Saturday, November 9, 2013
Tiffiny Carlson, New Mobility - November 6, 2013
I’m not a “wheeler”, but winter here in Northern New York isn’t easy for me. It’s not easy for anyone, but there are a few specific hazards that loom extra large in my life between early December and late March.
- I can’t shovel snow. This is less of a problem since I moved to a rented apartment building five years ago, but at least four or five times per winter I’m one of the last people in the building to try walking down the long ramp to the parking lot after a snowstorm, and can’t use my car until my friend Andy can make it over to dig it out.
- I have become, if anything, more afraid of ice underfoot than I used to be as a kid and young adult. “Wheelers” have their own difficulties with winter navigation, but there are many times I’d rather be in a wheelchair than trying to make my way over unfamiliar terrain on my unsteady pins. You get to know the various colors, textures, and light-reflecting effects of the different kinds of snow and ice that coat the ground. You also, hopefully, learn how to fall down properly.
- The most humiliating problem I run into is my car door freezing shut. Why humiliating? Because usually, it’s frozen just enough to prevent me from opening it, but not enough to make it at all difficult for anyone with anything like normal arm strength and finger dexterity. Rationally, I know it’s nothing to be ashamed of, but I feel silly anyway when after 15 minutes of my futile tugging, a kind passerby opens the door with a little pull and a tiny *clink* of breaking ice. A sturdy kitchen spoon sometimes helps me pry the door open, but then I have to remember to carry a stupid spoon out with me if I think the door’s going to be stuck again.
- I could also buy an automatic car starter, so the car would heat up before I got to it, but that’s one of those helpful, adaptive steps I’ve been unwilling to take since I bought my current car. Sure, it’s kind of expensive, but that’s not why I haven’t done it. Some might say it’s toughness, or determination to do things unaided. Or, maybe it’s bull-headedness … or stupidity.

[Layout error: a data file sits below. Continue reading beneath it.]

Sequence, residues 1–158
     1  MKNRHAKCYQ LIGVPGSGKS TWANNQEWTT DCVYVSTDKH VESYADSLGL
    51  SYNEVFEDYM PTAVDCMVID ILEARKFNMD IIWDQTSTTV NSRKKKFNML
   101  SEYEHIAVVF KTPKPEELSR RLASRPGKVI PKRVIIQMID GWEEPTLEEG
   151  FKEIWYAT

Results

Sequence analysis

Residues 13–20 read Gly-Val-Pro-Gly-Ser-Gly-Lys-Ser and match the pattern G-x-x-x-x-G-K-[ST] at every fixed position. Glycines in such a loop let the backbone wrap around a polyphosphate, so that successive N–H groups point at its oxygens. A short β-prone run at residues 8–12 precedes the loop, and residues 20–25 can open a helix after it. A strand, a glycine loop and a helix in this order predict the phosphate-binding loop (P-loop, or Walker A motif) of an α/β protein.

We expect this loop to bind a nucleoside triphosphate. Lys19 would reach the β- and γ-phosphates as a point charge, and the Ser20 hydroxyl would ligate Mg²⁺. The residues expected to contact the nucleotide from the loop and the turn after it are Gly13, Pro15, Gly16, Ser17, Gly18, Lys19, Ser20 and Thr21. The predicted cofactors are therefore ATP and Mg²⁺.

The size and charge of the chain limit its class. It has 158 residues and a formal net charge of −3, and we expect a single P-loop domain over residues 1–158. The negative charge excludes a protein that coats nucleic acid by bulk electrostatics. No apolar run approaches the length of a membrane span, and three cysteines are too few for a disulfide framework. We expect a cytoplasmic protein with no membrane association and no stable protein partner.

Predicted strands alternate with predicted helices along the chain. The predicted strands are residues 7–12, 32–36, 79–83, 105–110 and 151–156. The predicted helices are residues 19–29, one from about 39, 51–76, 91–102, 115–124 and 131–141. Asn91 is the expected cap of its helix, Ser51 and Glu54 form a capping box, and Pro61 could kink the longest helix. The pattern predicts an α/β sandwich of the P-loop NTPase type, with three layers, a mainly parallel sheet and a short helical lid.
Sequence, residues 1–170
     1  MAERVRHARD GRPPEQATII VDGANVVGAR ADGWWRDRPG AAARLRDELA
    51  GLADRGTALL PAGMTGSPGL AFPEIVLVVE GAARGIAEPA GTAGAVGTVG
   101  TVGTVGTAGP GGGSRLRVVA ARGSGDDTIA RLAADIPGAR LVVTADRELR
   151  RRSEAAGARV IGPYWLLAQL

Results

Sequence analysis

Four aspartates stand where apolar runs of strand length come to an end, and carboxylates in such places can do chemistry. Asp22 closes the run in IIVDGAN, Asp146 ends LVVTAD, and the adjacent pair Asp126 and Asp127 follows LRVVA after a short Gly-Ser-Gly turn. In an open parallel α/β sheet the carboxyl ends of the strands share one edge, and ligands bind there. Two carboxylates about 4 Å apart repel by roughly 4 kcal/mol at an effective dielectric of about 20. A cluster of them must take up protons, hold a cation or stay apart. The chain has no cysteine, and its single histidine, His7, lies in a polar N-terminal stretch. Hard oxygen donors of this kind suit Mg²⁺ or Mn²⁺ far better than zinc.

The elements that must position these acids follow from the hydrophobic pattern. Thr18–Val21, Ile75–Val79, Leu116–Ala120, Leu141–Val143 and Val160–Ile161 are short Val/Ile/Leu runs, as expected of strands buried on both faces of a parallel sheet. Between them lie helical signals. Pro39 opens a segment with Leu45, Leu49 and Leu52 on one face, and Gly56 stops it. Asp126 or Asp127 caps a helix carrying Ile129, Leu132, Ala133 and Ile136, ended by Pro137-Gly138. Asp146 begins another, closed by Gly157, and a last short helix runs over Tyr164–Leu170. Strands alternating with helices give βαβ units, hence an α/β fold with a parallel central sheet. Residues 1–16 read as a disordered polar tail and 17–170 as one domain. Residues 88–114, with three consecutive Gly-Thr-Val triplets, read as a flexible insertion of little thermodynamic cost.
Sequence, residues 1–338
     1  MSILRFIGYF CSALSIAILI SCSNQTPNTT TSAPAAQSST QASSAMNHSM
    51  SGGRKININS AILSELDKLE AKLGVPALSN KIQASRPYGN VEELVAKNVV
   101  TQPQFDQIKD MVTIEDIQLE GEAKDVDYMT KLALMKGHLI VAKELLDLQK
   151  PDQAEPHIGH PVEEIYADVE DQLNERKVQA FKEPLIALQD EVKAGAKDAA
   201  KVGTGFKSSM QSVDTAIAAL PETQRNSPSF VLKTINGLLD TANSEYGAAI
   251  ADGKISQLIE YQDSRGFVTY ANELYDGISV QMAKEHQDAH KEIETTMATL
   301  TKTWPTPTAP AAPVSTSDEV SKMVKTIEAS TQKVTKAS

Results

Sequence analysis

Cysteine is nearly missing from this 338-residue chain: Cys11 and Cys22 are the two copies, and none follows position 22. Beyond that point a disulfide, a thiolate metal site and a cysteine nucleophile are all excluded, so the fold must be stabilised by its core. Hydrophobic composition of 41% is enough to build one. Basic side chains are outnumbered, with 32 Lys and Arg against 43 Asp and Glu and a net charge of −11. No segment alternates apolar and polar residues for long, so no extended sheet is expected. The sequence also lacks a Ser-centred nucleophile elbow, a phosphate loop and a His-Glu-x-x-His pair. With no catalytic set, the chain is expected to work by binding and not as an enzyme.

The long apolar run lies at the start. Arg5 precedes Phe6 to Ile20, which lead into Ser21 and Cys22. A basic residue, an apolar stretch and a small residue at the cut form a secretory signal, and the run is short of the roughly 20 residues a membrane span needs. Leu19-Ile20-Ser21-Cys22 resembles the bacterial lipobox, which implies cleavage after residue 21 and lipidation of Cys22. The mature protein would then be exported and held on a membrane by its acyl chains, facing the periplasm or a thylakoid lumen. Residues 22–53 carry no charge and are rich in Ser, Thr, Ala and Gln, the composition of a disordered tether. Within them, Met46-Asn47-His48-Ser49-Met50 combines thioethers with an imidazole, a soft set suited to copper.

Really, though, the winter hardships I face are trivial compared to the people I know who have physical disabilities and don’t drive. America is a car-centric culture, sidewalks are an afterthought, pedestrians are second-class citizens, and these facts are never more dire than during winter in a northern climate, in anything smaller than a small city.
Streets are always plowed and sanded. It’s one of a handful of things little towns and villages are really good at, and practically the only thing small town taxpayers don’t mind paying for. But, in my home town anyway, sidewalks are left to patchwork "voluntary compliance”. There’s an ordinance requiring property owners to clear their bits of adjacent sidewalk, but there’s little enforcement and no coordination. The idea of having city employees clear sidewalks is considered an extravagance, and … I kid you not … a symbol of the deterioration of civic virtue, because all the good citizens should be keeping the sidewalks clear voluntarily, out of a sense of neighborly duty!
So, wheelchair users, blind people, people who use canes, crutches and walkers, and anyone who can’t drive never know from one day to the next if they can get from point A to B, whether the route to work that was clear yesterday will be icy or totally blocked by snow … either fallen snow, or snow pushed out of the road and onto the sidewalks. Meanwhile, everyone else click their tongues and shake their heads at the irresponsibility of property owners, and complain loudly when they see a wheelchair user forced to make their way in the street. But just plowing all the sidewalks is impractical.
Yeah, that’s a sore point around here, especially for disabled people.
I’m with Tiffiny Carlson, though. I’ll probably never move to a milder climate. I’d miss “real” winter. After all, there is no better justification for sheer, lazy, stay-at-home-ness than a good snowstorm.
PS: I got the Ned Stark "Winter Is Coming" picture from this wonderful short Tumblr post for "Spoonies" ... people with chronic pain / illness, another kind of disability that can make winter more difficult.